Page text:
I found a fascinating article recently from Outreach Magazine on 15 things you need to know about unchurched people today.
Here are some valuable insights into how Christians can make a church that unchurched people would like to attend. It is written by Carey Nieuwhof. “Ever since I started ministry 18 years ago,” she writes, “there’s been a big shift in how unchurched people think.” She is writing about
Canada, “”a bit of a hybrid”, she
continues, “between the U.S.
and Europe. Canadians are less ‘religious’
than Americans, but less secular than Europeans.”
But read on. Many of these points which she has learnt from her own experience can be translated to the American and European church experience.
Most of these unchurched are spiritual rather than atheist, she points out. And this is why I have been thinking much more over the last few years as to how the church could change to satisfy the spiritual hunger of the vast “spiritual but not religious” population.
As one of our priests pointed out in a sermon a few weeks ago, the world has moved on its spiritual axis, and religions also need to recognize this.
The main role of the religions is the care of our spiritual lives. We sometimes rather quaintly call this the 'cure' of souls. We are spiritual beings. So alongside the drift away from religion and the general decline in congregations in both Europe and
over the last few decades we have also seen an increasing interest in
spirituality, in its broadest sense. Because without religion people soon find
that there is something missing in their lives, some hard- to- describe quality
that may be called Spirit, the Other, Presence, even sometimes god with a small
G. And this is where I think the initially hugely successful atheist Sunday Assembly, an unashamedly "Godless congregation" may eventually stumble. America
Many, myself included, are calling for the need to enhance and nurture spiritual literacy if we are to build a better world for all.
There is a danger in many New-Age spiritualities that seem to exist mainly to feed the self-centered Me-Millennium attitude, to make us feel better inside purely for our own satisfaction, rather than being world focused.
That may be why so many are coming back to worship in our great cathedrals again. These buildings with their beautiful liturgies, music and pageantry are offering something in the awe and majesty and spirituality of the services that satisfies a hole in our unchurched souls.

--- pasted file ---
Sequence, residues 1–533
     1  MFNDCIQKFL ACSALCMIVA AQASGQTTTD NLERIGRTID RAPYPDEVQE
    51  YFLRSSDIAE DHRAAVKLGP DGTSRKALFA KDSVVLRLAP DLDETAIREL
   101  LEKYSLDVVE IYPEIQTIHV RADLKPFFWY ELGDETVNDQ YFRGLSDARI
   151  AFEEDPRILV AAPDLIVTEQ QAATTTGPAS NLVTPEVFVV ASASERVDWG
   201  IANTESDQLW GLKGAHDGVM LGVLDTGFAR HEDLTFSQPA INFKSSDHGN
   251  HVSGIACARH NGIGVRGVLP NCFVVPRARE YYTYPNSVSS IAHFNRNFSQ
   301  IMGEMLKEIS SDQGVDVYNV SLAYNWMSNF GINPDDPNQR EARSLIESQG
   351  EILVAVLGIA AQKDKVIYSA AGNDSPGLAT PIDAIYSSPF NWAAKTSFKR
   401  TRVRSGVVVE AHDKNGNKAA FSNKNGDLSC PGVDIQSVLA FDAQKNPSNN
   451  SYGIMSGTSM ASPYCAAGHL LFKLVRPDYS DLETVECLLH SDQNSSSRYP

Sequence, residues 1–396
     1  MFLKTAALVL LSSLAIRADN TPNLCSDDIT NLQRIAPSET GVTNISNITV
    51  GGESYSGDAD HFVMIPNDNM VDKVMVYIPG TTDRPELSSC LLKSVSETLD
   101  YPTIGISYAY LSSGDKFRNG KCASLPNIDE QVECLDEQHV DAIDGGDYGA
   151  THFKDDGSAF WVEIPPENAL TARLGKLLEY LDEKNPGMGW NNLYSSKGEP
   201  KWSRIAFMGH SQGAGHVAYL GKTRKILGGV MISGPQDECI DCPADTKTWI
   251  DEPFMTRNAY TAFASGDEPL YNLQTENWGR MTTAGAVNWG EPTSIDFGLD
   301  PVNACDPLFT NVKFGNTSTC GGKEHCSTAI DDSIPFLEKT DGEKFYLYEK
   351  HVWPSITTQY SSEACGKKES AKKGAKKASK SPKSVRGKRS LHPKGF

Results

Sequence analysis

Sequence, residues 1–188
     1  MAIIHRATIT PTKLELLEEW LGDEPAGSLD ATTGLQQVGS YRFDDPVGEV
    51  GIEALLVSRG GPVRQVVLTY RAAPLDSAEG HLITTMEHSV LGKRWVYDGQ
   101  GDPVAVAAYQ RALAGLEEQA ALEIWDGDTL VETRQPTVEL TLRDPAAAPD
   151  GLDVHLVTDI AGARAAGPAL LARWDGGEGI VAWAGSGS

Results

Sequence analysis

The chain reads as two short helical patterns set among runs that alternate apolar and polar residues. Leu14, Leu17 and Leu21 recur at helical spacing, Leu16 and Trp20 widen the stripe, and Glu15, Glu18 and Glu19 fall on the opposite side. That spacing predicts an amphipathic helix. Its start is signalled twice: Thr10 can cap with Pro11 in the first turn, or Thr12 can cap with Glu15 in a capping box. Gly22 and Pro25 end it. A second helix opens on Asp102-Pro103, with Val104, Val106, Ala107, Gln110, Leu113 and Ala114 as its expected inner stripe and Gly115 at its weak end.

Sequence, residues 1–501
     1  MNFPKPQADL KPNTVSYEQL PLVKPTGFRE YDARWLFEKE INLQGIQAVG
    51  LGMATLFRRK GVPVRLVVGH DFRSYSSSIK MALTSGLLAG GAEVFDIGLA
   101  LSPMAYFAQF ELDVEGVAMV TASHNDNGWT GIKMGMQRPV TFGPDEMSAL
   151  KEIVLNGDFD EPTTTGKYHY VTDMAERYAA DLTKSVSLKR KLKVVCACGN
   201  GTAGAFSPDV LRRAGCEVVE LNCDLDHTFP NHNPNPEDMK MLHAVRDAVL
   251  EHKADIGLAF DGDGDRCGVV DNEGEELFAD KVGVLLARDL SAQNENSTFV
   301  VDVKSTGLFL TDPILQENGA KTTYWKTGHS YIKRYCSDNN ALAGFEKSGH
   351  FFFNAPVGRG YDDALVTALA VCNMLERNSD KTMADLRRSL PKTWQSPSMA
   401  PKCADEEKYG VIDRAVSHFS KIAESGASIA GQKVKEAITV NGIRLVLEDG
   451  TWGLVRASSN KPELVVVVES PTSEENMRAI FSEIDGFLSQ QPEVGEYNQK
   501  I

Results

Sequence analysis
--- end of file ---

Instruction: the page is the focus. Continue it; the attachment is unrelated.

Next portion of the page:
Why does this interest me? Because I'm a Christian, but also because I am convinced that religion, and this includes the finer aspects of organized religion, has a vital role to play in shaping the world towards a better future for us all; religions cannot be ignored, should not be abused; but yes, they also need to change. How do they do this?
In the UK the Church of England launched a new initiative called “Fresh Expressions” about five years ago, which seems to be making exciting inroads into the increasingly unchurched population. A comprehensive article by Graham Cray on their website tells us much more about this initiative, also taken up by the Methodists. In a very comprehensive introduction Graham writes: “Some fresh expressions are very different from church as we are used to it in the UK – there is a surfer church on Polzeath beach, a Eucharist for Goths in central Cambridge, a youth congregation based in a skate park, and cell church among the Merseyside Police (yes I did say cell church!). Others are more familiar but in unfamiliar settings – church in a café, church in the function room of a pub, church in a school, church in a gym or a sports club. They can be found in rural areas as well as in towns and cities, and have been planted to reach all age groups, pensioners as well as those focused on children or young families…”
The website is absolutely full of resources and here is an exciting project, full of hope and promise for the future of the Christian church and for the world.